104th Jäger Division (Wehrmacht)
|104th Jäger Division|
Divisional insignia of the 104th Jäger Division
|Active||1941 – 1945|
|Engagements||World War II|
104th Jäger Division was a German infantry division of World War II. It was formed in April 1943, by the redesignation of the 704th Infantry Division, which was itself formed in April 1941. The division served in Yugoslavia in May 1941 where it took part in anti-partisan and security operations in the Independent State of Croatia. In April 1943, it was reorganized and redesignated the 104th Jäger Division and took part in the Battle of the Sutjeska in June 1943.
Following the Italian surrender, elements from the division took part in the murder of thousands of Italians from the 33 Infantry Division Acqui in September 1943, on the Greek island of Cefalonia in one of the largest-scale German atrocities to be committed by German Army troops instead of the Waffen SS.
The division surrendered to the Yugoslav Army at Celje in Slovenia in May 1945. Many of the division's survivors, including the commander General Friedrich Stephan, were executed by the Yugoslavs after they had surrendered.
The main purpose of the German jäger divisions was to fight in adverse terrain where smaller, coordinated formations were more facilely combat capable than the brute force offered by the standard infantry divisions. The jäger divisions were more heavily equipped than mountain division, but not as well armed as a larger infantry formation. In the early stages of the war, they were the interface divisions fighting in rough terrain and foothills as well as urban areas, between the mountains and the plains. The jägers (it means hunters in German), relied on a high degree of training and slightly superior communications, as well as their not inconsiderable artillery support. In the middle stages of the war, as the standard infantry divisions were downsized, the Jäger structure of divisions with two infantry regiments, became the standard table of organization.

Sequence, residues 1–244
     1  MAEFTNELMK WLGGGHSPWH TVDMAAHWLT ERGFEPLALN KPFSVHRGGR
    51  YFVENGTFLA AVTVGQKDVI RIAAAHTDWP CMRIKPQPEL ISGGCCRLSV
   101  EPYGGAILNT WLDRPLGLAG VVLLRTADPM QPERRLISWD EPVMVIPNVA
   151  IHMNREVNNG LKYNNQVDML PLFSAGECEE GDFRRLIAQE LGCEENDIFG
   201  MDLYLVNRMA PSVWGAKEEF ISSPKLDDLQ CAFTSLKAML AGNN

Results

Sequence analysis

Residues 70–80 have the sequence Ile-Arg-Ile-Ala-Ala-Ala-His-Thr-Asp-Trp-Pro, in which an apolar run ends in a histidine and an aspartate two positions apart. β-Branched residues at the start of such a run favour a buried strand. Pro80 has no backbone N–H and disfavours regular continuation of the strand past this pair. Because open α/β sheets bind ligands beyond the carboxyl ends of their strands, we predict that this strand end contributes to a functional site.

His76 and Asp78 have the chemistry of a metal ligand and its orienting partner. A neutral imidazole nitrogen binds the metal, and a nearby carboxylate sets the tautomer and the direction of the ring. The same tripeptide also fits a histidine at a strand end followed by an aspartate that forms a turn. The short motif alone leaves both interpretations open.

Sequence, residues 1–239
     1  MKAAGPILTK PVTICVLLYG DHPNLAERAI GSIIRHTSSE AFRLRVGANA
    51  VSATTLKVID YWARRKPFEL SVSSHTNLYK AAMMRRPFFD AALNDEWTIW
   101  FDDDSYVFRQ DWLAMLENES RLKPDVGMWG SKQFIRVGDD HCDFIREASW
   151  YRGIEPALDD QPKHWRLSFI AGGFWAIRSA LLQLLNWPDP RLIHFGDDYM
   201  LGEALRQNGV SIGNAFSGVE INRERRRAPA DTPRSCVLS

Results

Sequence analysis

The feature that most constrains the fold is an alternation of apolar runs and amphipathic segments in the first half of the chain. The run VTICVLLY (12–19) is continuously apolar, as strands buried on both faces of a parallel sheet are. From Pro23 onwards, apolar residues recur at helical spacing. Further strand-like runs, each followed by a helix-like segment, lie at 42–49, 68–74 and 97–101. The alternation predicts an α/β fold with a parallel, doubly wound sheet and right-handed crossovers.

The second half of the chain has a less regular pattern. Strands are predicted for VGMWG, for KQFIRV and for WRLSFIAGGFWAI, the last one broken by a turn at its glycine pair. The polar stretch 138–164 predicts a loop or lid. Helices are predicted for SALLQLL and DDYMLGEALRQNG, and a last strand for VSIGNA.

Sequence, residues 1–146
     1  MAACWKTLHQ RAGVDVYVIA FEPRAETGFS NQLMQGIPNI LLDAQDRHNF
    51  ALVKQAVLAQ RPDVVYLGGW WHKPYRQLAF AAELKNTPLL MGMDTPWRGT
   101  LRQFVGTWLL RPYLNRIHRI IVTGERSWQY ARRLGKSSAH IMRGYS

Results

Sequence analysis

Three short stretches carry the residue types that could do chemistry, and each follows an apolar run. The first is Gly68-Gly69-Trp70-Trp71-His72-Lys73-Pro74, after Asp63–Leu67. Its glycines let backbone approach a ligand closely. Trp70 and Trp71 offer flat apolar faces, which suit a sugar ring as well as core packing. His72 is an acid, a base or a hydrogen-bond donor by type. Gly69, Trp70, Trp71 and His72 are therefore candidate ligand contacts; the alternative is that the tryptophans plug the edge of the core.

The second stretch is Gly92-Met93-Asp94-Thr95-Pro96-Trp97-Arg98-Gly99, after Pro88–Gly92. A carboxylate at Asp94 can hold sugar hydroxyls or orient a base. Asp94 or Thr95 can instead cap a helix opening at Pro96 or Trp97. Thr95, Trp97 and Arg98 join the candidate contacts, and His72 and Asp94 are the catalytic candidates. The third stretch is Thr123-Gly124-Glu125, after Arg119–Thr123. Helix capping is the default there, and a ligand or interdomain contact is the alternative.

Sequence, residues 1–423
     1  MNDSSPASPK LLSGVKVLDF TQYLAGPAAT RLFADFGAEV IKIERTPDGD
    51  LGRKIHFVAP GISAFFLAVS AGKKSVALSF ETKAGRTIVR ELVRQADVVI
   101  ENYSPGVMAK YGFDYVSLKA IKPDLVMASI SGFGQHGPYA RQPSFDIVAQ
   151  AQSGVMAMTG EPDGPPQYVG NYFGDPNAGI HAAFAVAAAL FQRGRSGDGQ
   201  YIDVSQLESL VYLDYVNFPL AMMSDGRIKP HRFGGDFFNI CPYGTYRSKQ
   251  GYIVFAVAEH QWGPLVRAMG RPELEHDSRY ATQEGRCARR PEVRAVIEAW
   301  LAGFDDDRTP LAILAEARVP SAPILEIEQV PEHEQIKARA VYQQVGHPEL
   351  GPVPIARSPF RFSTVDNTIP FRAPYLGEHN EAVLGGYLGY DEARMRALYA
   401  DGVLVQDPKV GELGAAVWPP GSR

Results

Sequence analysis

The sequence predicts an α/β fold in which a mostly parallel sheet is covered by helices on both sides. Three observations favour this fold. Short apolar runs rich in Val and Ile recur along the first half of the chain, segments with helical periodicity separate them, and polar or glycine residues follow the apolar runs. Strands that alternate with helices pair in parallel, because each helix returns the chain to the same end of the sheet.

- Generalmajor Heinrich Borowski (22 April 1941 – 15 August 1942)
- Generalleutnant Hans Juppe (15 August 1942 – 20 February 1943)
- Generalleutnant Hartwig von Ludwiger (20 February – 30 April 1943)
- Oberst Ludwig Steyrer (May 1943)
- General der Infanterie Hartwig von Ludwiger (May 1943 – 29 April 1945)
- Generalleutnant Friedrich Stephan (29 April – 8 May 1945) 
Area of operations
- Germany (April 1941 – May 1941)
- Serbia (May 1941 – June 1943)
- Greece (June 1943 – September 1944)
- Yugoslavia (September 1944 – May 1945) 
Order of battle
- Jäger Regiment 724
- Jäger Regiment 734
- Reconnaissance Battalion 104
- Artillery Regiment 654
- Pionier Battalion 104
- Panzerjäger Battalion 104
- Signals Battalion 104
- Reserve Battalion 104
- Versorgungseinheiten 104 
- "Massacres and atrocities of WWII". Archived from the original on 28 February 2009. Retrieved 3 April 2009.
Almost unknown outside of Italy, this event ranks with Katyn as one of the darkest episodes of the war" also "The German 11th Battalion of Jäger-Regiment 98 of the 1st Gebirgs (Mountain) Division, commanded by Major Harald von Hirschfeld, arrived on the island and soon Stukas were bombing the Italian positions
- "Rizospastis" (in Greek). 2000-09-03. Retrieved 3 April 2009.
Πρέπει να σημειωθεί πως τα βιβλία για τη σφαγή των Ιταλών στρατιωτών της Κεφαλονιάς (η μεγαλύτερη σφαγή αιχμαλώτων του Β' Παγκοσμίου Πολέμου), εκτός αυτού του Μπερνιέρ, είναι το ένα καλύτερο από το άλλο. Translation: It must be noted that the books about the massacre of the Italian soldiers in Kefalonia (the biggest massacre of prisoners of war in WWII), except the one by Bernier, are one better than the other.
- "Mörder unterm Edelweiß – noch immer unter uns ("Murderers under the Edelweiss — still among us")" (in German). Retrieved 3 April 2009.
- Wendal, Marcus. "104 Jager Division". Axis History. Retrieved 2009-03-04.
- Mitchum, p 251
- Mcoy, Breaker (2009). German Army 101st Light Division, 101st Jager Division 1941 – 42.
- Shepherd, Ben (2012). Terror in the Balkans: German Armies and Partisan Warfare. Harvard University Press. ISBN 978-0-674-04891-1.